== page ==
Research on score differences related to national culture and measurement
Much more research is needed to explore the magnitude of score difference between national culture groups and immigrant and non-immigrant groups on a wider range of commonly used predictors. The work to date has primarily focused on differences in measures of cognitive ability and personality. Even this research has been limited to a handful of countries. Despite calls to increase our understanding of the role of culture in score differences (e.g., Helms-Lorenz et al., 2003), little research in the area of personnel assessment has heeded these calls. Future research and theoretical work are needed that explores the cultural factors responsible for these differences. Brouwers and van de Vijver (2015) provide one example of a direction this research could take. They argue that personnel assessment will not advance unless a contextualized view of assessing individual differences is taken. This is consistent with van de Vijver’s (1997) conclusion that locally developed assessments (i.e., contextualized) tend to show smaller score differences than the typical Western-style assessment (i.e., decontextualized). They propose an assessment strategy that can take a more contextualized approach which explicitly allows culture into the process of measuring individual differences.
The cross-cultural and cross-national research reviewed here points to the need to understand the degree to which tests and assessments contain culturally-specific or non-domainrelevant content, particularly as it relates to linguistic content. The inclusion of this content considerably raises the likelihood of admitting a source of contamination into the measurement process. In the domain of personnel assessment this is particularly important given that tests may be used on a global scale and used with culturally diverse populations within a country. In these cases, a lack of familiarity with content that is not related to the construct of interest can create substantial problems for accurately assessing individuals and interpreting test scores. Although best practice recommendations cover many aspects of test content when applied to the development or adaptation of tests for use globally (e.g., Byrne et al., 2009; Ryan & Tippins, 2009), these same recommendations are much less frequently applied when tests are developed for domestic use with globally diverse populations.
Another area for future research is investigating the role that measurement plays in the observed score differences. This research has many possible avenues. One is further exploring how test content requiring previously acquired knowledge that is not related to the test domain impacts test performance. Although the initial work offers some insight (Fagan & Holland, 2002, 2007), more research is clearly needed. Another avenue for research is further examining ways to create test times that minimize cultural and nondomain-relevant content. One promising direction is research using items containing nonentrenched tasks (e.g., Sternberg, 1981a, 1981b, 1982a; Sternberg & Gastel, 1989; Tetewsky & Sternberg, 1986). Non-entrenched tasks are those that use novel or atypical stimuli or concepts to solve problems. The core feature of non-entrenched items is that they do not represent the natural state of problems or stimuli in everyday life (Sternberg, 1982b). For example, Sternberg (1981a) described a number of non-entrenched tasks including one for which individuals need to determine the physical state of an object (e.g., liquid or solid) and the object’s fictional name (e.g., plin, kwef) as it moves from north to south or south to north on the fictional planet Kryon from a set of rules presented at the start of the task. Although the initial work suggests that the use of these items can reduce score differences (e.g., Sternberg, 2006), more work is needed to better understand how these items work and whether there are boundary conditions on their effectiveness.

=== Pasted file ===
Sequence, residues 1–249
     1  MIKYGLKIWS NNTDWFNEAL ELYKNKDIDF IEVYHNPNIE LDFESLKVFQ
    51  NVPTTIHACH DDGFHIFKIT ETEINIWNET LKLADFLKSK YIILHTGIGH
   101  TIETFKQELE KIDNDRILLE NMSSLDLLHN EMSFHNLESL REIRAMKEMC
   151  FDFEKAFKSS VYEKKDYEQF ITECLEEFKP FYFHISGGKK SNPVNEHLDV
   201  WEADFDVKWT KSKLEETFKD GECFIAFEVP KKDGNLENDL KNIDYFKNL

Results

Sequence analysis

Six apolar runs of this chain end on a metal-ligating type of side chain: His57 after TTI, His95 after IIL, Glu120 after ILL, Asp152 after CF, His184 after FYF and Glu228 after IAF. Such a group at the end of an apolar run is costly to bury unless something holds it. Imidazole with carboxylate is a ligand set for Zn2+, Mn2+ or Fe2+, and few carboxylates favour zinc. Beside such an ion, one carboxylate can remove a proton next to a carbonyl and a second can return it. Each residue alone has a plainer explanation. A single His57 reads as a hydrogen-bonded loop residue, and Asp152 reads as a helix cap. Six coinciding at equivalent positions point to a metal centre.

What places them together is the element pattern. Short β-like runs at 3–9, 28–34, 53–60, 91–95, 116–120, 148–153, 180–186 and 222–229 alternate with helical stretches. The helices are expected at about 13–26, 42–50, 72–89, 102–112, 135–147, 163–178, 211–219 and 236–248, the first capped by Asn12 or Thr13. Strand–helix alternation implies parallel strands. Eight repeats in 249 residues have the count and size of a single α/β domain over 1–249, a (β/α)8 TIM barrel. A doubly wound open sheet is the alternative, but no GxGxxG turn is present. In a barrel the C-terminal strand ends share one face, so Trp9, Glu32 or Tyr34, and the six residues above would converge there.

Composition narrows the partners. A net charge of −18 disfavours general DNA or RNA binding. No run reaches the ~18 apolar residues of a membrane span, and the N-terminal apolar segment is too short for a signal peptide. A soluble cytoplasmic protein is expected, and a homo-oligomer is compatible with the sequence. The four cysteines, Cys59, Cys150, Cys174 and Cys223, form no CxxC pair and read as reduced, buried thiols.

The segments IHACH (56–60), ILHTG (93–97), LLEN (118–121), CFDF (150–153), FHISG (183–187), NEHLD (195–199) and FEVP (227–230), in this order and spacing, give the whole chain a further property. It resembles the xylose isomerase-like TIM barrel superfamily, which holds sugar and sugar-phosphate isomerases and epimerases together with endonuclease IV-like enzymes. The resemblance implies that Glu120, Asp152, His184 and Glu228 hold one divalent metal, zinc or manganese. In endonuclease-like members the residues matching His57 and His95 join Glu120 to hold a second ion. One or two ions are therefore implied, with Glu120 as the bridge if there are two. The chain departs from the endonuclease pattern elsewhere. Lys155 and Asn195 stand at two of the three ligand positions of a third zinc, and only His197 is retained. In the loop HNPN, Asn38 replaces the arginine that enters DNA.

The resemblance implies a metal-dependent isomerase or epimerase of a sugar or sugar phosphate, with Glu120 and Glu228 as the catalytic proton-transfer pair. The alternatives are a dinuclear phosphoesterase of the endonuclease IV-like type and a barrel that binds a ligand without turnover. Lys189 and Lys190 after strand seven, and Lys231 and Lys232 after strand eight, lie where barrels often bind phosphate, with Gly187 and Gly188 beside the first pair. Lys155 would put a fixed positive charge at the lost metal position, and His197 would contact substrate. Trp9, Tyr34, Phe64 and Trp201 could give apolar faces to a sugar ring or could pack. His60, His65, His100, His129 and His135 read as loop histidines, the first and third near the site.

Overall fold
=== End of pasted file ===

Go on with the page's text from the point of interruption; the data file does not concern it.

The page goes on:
More generally, research is needed to articulate the knowledge structures, cognitive process and cognitive strategies that are required to solve a test problem, as well as understand how these processes lead to items being more or less difficult for test-takers (Embretson, 1983). On a related note, theoretical work has also been devoted to understanding how stimulus features of items contribute to item difficulty and impact item performance (e.g., Irvine & Kyllonen, 2002; Lievens & Sackett, 2007).